The battle ahead

  • Increase in the number of girls appearing for SLC is heartening, but problems remain
The battle ahead

Mar 17, 2015-

For the first time since the School Leaving Certificate (SLC) examinations began 80 years ago, more girls than boys will sit for the test, which begins tomorrow. Of the 426,214 regular students taking the exams this year, 50.14 percent (213,710) are girls. Experts claim that this is the outcome of a decade-long investment in education for girl children. The government, for instance, provides scholarship to 50 percent of all female students from marginalised communities at the school level. An increase in the number of female teachers and separate toilets for girls at school has also helped. Nepal has thus achieved gender parity—which measures the ratio of females in comparison to males—in basic education (grades 1 to 8). According to the Department of Education’s Flash I Report 2013/14, the Gender Parity Index is 1.03 for the primary level (grades 1 to 5) and 1.02 for lower secondary (grades 6 to 8). This figure holds for Janajati and Dalit students as well.

These statistics might lead one to draw the conclusion that years of campaigning for education of girl children have finally paid off. Things, however, are not as pleasant as they appear. Girls also account for 60 percent of the students who will be appearing for the SLC under the exempted category—those who failed in more than two subjects in their previous attempt—this year. In addition, parents tend to enrol their sons in private schools while sending their daughters to public institutions. The enrolment of girls in public schools increased from 3,113,556 in 2013 to 3,119,862 in 2014, while enrolment decreased for boys, from 2,899,716 to 2,875,853 during the same period. Last year, only 28 percent of students from public schools managed to pass the SLC, in comparison to 93 percent of students from private schools. Parents, these days, do send their daughters to school but do not seem to see value in investing as much in them as their brothers.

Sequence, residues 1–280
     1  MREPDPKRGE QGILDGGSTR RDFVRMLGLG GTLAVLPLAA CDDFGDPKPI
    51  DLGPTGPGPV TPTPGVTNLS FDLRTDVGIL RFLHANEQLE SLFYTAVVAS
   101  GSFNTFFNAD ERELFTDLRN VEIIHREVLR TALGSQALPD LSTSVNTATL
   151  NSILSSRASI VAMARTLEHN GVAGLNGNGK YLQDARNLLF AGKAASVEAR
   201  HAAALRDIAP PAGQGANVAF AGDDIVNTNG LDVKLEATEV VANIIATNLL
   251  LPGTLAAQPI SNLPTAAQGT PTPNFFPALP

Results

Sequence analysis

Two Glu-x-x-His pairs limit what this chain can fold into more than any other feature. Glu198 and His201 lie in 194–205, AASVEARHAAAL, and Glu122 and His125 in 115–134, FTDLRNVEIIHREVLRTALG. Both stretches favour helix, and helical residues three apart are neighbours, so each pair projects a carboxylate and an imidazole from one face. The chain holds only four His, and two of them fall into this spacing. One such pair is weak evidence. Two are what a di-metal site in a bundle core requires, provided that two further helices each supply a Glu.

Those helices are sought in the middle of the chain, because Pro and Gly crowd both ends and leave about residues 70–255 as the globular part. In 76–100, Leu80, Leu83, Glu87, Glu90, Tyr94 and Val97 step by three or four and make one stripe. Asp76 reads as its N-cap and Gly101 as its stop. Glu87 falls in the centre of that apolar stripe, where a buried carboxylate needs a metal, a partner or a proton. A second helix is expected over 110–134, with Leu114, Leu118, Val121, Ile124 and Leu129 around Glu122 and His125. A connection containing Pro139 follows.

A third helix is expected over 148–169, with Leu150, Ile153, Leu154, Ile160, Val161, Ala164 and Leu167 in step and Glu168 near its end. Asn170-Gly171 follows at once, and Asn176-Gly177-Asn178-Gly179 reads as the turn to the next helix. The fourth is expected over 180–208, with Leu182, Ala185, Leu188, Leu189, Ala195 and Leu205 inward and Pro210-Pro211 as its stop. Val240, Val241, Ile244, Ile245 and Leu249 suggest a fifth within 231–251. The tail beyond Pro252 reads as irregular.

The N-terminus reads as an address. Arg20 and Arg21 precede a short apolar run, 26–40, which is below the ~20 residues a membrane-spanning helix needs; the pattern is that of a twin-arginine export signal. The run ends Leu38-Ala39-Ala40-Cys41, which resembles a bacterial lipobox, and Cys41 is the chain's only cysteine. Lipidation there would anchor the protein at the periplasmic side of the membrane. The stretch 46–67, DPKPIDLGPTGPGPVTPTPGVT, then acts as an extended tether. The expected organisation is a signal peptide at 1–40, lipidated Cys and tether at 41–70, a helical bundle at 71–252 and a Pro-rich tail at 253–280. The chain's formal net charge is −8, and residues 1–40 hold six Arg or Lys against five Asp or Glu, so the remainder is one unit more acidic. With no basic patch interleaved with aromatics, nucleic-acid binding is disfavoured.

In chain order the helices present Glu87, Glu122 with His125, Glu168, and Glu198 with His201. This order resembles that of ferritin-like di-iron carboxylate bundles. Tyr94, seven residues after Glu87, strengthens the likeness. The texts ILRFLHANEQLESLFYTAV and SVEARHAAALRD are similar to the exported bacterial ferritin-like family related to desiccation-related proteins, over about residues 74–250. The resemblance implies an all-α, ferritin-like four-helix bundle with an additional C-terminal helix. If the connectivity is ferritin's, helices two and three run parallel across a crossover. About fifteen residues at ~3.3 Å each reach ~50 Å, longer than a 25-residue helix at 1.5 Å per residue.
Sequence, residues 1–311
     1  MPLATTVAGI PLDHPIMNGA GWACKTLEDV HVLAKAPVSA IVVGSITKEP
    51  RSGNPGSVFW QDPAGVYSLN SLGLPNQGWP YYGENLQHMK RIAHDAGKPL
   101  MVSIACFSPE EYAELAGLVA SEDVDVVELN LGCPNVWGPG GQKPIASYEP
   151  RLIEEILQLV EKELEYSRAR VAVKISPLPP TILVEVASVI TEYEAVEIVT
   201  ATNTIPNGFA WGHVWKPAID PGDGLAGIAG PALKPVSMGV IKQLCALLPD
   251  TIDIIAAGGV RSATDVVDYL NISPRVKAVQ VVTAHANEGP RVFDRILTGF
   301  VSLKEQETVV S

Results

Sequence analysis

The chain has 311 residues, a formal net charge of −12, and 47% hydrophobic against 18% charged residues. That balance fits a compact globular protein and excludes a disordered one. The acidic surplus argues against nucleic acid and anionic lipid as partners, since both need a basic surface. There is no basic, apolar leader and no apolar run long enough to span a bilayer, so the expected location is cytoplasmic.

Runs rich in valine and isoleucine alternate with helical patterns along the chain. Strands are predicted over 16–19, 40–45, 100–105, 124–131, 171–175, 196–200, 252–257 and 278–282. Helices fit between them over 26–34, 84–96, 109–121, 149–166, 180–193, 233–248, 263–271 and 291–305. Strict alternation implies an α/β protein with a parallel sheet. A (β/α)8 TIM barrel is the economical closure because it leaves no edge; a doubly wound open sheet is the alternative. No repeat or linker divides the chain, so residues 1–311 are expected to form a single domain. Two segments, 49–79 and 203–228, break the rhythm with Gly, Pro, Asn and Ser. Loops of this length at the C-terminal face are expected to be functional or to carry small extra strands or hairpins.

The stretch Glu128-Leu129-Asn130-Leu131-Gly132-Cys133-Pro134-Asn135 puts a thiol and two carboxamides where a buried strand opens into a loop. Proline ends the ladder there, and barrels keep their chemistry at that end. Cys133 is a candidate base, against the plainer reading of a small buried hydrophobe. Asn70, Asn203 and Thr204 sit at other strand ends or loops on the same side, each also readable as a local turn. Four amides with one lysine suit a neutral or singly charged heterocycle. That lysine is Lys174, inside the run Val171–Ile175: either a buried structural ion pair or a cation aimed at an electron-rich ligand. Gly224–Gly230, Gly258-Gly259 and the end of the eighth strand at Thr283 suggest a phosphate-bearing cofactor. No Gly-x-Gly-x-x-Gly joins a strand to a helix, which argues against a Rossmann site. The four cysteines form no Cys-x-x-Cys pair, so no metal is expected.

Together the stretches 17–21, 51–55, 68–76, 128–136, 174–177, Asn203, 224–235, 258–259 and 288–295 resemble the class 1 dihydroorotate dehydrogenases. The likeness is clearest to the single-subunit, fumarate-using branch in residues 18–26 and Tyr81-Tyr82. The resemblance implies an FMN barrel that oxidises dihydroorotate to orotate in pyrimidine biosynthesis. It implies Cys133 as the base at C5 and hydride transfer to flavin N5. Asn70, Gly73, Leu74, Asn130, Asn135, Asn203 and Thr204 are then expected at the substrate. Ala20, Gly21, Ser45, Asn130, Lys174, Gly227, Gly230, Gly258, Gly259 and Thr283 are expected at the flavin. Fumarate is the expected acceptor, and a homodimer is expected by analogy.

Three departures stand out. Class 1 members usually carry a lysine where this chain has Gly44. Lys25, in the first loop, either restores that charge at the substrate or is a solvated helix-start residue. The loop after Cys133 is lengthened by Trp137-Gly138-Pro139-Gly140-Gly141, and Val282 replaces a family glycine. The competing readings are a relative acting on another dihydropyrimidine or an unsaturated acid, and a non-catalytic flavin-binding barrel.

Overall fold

Not all is fine when it comes to the education of young boys either. The survival rate of boys in grades 6 to 8 is 72 percent while that for girls is 73 percent. Policymakers need to take this difference, however minimal, into account while formulating ways to encourage students to complete school. Anecdotes from across the country show that young boys have little incentive to pursue schooling these days, as they see everyone leaving for work abroad with little to no formal education. To address this problem, school authorities should devise programmes to convince both children and parents about the need for education, which is more than just a means to earn a living. Providing scholarships could be one solution. In the long run, the government must close the gap in the quality of education that children receive at public and private schools. This dual system does not do any good for anyone, particularly girl children.

Published: 18-03-2015 08:35

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